Does anyone still pay attention to ads and commercials?

Part 2: One solution--don't change too much too soon.

The linear, sequential, one-way mass communication that had been the norm since Hammurabi had his 280 edicts carved in stone for all of Babylon to see 3,768 years ago is now, like Hammurabi, history.At some point in the 1980s the mass communications paradigm began to change fundamentally, and the pace of change has accelerated exponentially ever since. Communications are now multi-faceted, simultaneous and universal. And constantly getting more so.

Last week's article outlined some of the factors driving the new communications environment: massive media proliferation, message mega-proliferation, media multi-tasking, multi-message media, multi-media media and audiences' mini attention spans.

Several hundred channels of TV, millions of web sites, mobile media, spam, outdoor that blinks out a new message every ten seconds, 47 radio formats, interactive point-of-purchase displays, 19,532 magazines, search, newspaper and many, many more bombard a typical American with 5,000 marketing communications messages every day.

Media multitasking has become the norm. People watch TV while surfing the web or read magazines while listening to radio. There are multiple messages on one screen. And links between TV and cell phones and web sites.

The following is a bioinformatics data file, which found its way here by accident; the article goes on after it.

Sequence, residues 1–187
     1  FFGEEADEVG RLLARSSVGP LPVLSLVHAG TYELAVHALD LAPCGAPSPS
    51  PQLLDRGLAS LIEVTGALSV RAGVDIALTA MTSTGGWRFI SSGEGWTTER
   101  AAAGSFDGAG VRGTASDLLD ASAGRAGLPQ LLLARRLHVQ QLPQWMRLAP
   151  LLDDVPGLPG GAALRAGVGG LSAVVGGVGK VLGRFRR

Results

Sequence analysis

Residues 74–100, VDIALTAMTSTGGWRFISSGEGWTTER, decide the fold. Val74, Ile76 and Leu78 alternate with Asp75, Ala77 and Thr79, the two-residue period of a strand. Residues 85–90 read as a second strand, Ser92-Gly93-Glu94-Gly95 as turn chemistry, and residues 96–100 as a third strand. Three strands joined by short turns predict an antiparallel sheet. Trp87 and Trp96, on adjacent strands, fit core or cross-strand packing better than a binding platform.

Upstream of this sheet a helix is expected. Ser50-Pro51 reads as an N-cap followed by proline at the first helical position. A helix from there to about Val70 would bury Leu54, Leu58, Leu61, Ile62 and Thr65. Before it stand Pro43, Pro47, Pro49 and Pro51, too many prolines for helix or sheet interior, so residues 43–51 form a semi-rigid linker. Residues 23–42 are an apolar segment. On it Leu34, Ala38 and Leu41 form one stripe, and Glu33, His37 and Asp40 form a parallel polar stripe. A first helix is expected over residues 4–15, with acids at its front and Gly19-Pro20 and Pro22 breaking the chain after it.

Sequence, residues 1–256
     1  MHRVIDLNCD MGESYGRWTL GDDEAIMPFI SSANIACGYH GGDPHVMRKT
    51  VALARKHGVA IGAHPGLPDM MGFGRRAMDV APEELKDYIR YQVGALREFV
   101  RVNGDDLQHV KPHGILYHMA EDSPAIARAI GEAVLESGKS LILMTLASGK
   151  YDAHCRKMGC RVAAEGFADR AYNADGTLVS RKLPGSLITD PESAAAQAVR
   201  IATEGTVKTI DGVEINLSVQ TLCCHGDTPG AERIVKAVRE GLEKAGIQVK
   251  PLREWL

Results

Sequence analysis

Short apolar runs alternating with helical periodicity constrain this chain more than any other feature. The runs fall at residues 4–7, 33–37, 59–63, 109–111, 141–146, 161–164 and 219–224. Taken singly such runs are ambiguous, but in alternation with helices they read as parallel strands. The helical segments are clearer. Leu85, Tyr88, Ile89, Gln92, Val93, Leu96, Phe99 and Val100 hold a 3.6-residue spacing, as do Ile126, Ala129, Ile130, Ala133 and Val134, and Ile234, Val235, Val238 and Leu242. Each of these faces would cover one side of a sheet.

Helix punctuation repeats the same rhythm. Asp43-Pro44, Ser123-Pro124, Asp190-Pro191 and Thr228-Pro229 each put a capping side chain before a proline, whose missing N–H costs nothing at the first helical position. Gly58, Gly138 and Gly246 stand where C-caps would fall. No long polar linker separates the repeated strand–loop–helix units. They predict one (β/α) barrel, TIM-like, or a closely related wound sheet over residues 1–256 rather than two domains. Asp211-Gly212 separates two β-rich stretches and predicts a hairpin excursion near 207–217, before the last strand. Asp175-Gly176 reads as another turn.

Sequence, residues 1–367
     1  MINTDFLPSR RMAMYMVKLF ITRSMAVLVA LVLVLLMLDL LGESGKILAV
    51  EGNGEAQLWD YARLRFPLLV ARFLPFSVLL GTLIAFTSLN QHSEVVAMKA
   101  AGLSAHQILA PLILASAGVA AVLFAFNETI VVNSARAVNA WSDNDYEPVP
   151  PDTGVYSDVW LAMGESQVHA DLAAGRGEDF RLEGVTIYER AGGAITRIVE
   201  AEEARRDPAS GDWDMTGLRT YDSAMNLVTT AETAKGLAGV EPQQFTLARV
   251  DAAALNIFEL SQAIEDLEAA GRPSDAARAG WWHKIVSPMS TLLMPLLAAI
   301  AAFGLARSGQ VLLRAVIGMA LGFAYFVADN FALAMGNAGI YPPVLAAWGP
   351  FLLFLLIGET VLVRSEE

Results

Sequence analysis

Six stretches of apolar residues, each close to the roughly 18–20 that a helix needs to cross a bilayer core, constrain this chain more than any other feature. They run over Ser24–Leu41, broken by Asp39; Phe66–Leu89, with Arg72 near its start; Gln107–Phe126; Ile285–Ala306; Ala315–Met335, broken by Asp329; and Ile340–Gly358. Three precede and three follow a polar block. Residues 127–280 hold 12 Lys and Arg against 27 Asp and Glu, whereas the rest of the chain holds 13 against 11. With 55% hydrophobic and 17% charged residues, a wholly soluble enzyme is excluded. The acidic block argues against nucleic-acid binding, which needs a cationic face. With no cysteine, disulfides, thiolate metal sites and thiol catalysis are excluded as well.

The leisurely three seconds during which advertisers could capture the audience's attention at the beginning of a commercial has been cut in half. And that second-and-a-half is an incredibly luxury of time compared to the nanosecond we get to hook searchers and visitors online.

All the change – and the ever-faster rate of change – make this one of the most interesting times in the entire history of marketing. And although the ancient Chinese supposedly considered "May you live in interesting times," a curse, marketers should consider it a benediction. Because interesting times give nimble, aggressive marketers a tremendous opportunity to take advantage of change.

So where do you start? A Goldilocks strategy. Don't change too much too soon. And don't change too little too late. And you'll get marketing to today's mini attention spans just right. This week's posting covers the first half of the equation: don't change too much too soon.

It's great to be an early adopter. Companies that get involved with new media early have a head start if and when those new media go mainstream.

But "involved" doesn't mean betting the farm. New media build buzz long before they build business. Marketers who jettison tried-and-proven media which are still effective risk losing the customers the old media bring in before the glamorous new media can generate a substantial customer base.

We have examples. See them at